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Welcome to the town of Rochester, MA!

Rochester was settled in 1679 on the lands called "Sippican" by the local Wampanoags, along the coast of Buzzards Bay (Sippican was the name of the local tribe). It originally included the lands of Mattapoisett, Marion and parts of Wareham (which was lost when Wareham was founded in 1739). The town was officially incorporated on June 4, 1686 as Rochester, and was renamed for Rochester, England, from which early settlers to the town came. The town originally thrived with the early shipbuilding and whaling trade in Mattapoisett Harbor. However, in 1852 and 1857 the towns of Marion and Mattapoisett, respectively, were separated and incorporated as separate towns, thus land-locking Rochester. Since that time, the town has become mostly rural-residential, with some farms located in town. Rochester is a "Right to Farm" community.

The town of Rochester has a total area of 36.4 square miles (94 km), of which 33.9 square miles (88 km) is land and 2.5 square miles (6.5 km), or 6.76%, is water. Rochester is located along the western border of Plymouth County, and is bordered by Lakeville and Middleborough to the north, Wareham and Marion to the east, Mattapoisett to the south, and Acushnet and Freetown to the west. The town's localities include Bisbee Corner, East Rochester, North Rochester and Varella Corner. The town is about 10 miles (16 km) northeast of New Bedford, 40 miles (64 km) east of Providence, Rhode Island, and 60 miles (97 km) south of Boston. Rochester’s population is 5,698 with 3,860 registered voters.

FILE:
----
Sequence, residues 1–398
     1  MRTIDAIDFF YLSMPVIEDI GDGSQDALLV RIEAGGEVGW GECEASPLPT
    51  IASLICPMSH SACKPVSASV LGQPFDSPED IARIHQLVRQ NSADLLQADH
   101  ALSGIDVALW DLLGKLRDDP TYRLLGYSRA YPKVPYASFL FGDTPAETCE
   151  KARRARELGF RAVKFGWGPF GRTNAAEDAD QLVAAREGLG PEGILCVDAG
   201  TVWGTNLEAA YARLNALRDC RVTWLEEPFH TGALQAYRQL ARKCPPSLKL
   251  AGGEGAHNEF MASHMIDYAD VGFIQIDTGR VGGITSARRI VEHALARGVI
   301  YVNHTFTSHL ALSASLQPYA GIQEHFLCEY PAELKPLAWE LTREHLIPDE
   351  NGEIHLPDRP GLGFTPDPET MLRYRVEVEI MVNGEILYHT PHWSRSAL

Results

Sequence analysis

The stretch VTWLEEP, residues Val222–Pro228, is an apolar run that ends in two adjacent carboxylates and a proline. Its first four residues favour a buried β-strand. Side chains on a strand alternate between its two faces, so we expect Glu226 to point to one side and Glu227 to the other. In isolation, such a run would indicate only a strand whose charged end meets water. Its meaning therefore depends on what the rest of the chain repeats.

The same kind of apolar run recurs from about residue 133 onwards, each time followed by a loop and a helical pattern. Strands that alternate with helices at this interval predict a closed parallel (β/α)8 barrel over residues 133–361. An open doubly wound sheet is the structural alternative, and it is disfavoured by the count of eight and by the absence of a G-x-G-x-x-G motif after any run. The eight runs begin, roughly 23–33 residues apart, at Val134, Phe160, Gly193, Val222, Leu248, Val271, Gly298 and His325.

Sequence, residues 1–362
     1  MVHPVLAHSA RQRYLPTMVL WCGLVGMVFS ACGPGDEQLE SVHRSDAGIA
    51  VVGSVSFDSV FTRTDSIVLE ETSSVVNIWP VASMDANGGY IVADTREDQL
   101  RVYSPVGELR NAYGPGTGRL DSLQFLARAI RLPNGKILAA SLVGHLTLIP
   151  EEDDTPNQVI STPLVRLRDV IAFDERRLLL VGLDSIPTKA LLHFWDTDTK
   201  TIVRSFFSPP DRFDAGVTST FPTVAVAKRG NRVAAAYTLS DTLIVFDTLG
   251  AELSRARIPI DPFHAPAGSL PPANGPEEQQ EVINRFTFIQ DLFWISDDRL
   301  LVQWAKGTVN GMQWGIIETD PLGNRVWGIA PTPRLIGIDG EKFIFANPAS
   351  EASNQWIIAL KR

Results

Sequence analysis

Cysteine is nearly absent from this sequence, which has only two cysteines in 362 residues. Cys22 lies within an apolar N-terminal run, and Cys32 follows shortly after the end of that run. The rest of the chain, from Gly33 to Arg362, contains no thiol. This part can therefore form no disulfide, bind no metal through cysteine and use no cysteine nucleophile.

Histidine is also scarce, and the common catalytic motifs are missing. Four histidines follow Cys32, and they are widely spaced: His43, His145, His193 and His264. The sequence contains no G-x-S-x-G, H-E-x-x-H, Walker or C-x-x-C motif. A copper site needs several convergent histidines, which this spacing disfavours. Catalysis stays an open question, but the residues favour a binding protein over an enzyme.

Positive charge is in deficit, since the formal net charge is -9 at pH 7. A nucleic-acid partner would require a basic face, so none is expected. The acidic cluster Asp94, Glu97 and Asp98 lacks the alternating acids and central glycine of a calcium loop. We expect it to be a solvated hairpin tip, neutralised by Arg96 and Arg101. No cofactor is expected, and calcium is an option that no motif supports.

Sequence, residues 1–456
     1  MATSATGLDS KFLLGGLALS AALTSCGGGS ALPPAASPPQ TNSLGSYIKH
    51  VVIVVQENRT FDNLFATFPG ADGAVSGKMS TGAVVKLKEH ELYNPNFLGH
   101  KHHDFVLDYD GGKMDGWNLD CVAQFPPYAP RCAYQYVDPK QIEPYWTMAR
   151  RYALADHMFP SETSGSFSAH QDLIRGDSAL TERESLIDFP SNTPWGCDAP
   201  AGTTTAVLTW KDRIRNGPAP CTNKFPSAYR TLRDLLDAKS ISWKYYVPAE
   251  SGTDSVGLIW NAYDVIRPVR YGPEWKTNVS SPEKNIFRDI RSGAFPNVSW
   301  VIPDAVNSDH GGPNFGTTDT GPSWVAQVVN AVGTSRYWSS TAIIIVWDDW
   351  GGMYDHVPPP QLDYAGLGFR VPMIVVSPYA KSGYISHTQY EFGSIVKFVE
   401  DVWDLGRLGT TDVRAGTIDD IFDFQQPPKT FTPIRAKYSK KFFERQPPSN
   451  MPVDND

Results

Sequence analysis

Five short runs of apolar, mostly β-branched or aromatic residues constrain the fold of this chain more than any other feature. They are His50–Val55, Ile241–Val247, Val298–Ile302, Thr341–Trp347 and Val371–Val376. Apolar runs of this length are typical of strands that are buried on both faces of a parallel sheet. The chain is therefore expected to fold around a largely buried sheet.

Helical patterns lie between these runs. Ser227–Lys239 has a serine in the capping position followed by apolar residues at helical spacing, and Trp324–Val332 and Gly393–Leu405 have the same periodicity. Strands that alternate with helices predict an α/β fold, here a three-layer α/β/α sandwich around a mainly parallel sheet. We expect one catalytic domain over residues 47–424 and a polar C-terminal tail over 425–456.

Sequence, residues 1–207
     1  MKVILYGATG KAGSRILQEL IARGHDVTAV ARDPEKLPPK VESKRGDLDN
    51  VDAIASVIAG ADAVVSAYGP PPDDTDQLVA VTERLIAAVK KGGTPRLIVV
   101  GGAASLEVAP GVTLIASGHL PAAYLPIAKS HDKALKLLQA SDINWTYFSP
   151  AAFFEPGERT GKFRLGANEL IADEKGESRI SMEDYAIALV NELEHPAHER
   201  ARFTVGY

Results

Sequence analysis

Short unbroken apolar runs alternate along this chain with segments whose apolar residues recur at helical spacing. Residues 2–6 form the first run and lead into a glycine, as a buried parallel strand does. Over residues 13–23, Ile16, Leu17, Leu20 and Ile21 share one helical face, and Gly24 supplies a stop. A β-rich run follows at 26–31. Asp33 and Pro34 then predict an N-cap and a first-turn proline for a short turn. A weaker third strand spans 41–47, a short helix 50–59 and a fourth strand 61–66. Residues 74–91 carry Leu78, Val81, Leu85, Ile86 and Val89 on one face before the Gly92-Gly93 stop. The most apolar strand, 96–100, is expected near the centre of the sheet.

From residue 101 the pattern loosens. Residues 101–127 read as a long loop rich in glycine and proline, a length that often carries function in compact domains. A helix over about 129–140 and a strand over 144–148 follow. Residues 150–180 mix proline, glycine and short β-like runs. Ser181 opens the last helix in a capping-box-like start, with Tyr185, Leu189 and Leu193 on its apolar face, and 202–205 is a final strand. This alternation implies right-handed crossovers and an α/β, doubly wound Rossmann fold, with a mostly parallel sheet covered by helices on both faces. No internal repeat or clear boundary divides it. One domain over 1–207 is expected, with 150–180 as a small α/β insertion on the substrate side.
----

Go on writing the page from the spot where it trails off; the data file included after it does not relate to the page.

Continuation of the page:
Rochester is represented by state Senator Michael Rodrigues (D-Westport) as a part of the First Bristol and Plymouth District of the Massachusetts Senate and by state Representative William M. Straus (D-Mattapoisett) as a part of the Tenth Bristol District of the Massachusetts House of Representatives. The town is patrolled by the Seventh (Bourne) Barracks of Troop D of the Massachusetts State Police.

On the national level, Rochester is a part of Massachusetts's 9th congressional district, and is currently represented by William R. Keating. The state's senior member of the United States Senate is Elizabeth Warren. The junior senator is Ed Markey.

The town uses the open town meeting form of government, led by a board of selectmen. The town hall is located at the Town Common along Route 105. The town's police department, post office and the Joseph H. Plumb Memorial Library (a part of the SAILS library network) are located nearby. The volunteer fire department is located closer to the geographic center of town. The town's Highway Department is located near Varella Corner, and is responsible for snow removal and road upkeep. In 2012, the town adopted a "Right-to-Farm" bylaw which "encourages the pursuit of agriculture, promotes agriculture-based economic opportunities, and protects farmlands within the Town of Rochester by allowing agricultural uses and related activities.

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